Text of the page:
It was a beautiful week here in Maryland. Breezy, sunny, highs between 75-80 degrees.
As I hauled my kids out of the bath tonight, it was easy to see on their skin just how we'd spent our week: I spotted a tan line from a flip flop, a strap from a tank top, and noted how much browner Lars' calves were than his thighs.
What we have here, folks, is evidence of shabby parenting. Akin to failing to brush teeth twice a day, failing to get vaccines on time, or forgetting to buckle the top buckle on the carseat's 5-point harness.
As an Officially Shabby Parent, I am unrepentant. (About the suntans, I mean. Not the other stuff. That I feel terrible about. And I only forgot the buckle once.) But like I said - UNREPENTANT.
I believe in a child's unalienable right to climb trees first thing in the morning, even before breakfast. I believe in a child's unalienable right to ride their bike around and around and around in the cul-de-sac until they are dizzy. I believe in a child's unalienable right to run from the slides to the swings to the monkey bars and back again. I believe in a child's unalienable right to spend their days outside.
I will do my part. I will purchase sunscreen with an SPF 70, knowing this is a far cry from the Sea 'N Ski SPF 4 that I used to resist as a kid. I will slather noses and ears and shoulders as best as I am able. I will buy hats, keep track of said hats, and jam the hats on heads over and over and over. I will show the kids the wrinkles gathering above my knees, and tell them my skin is protesting the career of a teenage lifeguard.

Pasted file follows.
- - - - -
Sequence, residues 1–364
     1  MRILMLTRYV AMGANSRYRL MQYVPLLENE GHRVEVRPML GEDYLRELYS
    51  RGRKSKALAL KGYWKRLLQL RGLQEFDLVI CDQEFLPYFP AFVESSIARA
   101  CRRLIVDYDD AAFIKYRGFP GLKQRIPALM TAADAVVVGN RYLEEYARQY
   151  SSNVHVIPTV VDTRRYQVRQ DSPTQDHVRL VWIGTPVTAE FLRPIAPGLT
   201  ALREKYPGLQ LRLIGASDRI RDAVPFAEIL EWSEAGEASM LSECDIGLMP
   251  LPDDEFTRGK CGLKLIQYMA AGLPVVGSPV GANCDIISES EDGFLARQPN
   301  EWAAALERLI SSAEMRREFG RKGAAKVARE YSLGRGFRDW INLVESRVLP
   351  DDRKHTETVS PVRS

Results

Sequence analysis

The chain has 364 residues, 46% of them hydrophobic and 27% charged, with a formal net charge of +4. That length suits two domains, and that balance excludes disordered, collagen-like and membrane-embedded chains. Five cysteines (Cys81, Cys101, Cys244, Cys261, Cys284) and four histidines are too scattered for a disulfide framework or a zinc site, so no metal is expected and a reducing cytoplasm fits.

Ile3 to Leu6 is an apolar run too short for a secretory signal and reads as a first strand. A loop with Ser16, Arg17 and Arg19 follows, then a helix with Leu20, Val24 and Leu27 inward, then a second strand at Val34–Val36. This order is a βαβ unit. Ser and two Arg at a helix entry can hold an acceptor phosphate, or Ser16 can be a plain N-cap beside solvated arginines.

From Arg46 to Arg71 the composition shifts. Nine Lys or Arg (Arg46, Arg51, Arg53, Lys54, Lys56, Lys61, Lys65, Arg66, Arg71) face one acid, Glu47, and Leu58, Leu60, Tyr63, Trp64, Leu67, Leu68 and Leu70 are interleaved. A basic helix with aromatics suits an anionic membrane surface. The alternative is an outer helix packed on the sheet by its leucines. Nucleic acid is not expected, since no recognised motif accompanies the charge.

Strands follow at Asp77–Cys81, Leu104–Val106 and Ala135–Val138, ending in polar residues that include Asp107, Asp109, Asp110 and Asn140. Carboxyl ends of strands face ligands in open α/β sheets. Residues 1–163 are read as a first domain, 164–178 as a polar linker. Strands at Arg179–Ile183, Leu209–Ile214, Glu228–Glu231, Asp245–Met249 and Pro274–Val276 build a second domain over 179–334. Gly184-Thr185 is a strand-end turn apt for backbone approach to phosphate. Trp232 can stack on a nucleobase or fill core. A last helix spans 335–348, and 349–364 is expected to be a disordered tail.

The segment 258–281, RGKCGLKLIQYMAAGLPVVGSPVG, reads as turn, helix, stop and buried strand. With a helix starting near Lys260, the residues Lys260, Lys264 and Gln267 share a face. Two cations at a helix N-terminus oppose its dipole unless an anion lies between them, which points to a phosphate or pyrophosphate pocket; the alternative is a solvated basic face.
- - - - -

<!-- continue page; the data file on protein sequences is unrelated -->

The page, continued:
When they are a little older, I will tell them about Jill and Betsy. These are two friends of mine, two bloggers: two women whose lives are changed forever by failing to understand the damage the years of burning/peeling/burning again can inflict. You can read Jill's (aka Scary Mommy's) post here, and Betsy's post here. They make for very sober reading.
And in the morning, I will send my kids out to play. I will remember the sunscreen at the last moment - I may even have to call them back indoors to get slathered up - but they will take their natural-born place amongst the branches of the cherry tree, in the middle of the sandbox, at the top of the slide.
How else are they going to perfect the art of being kids?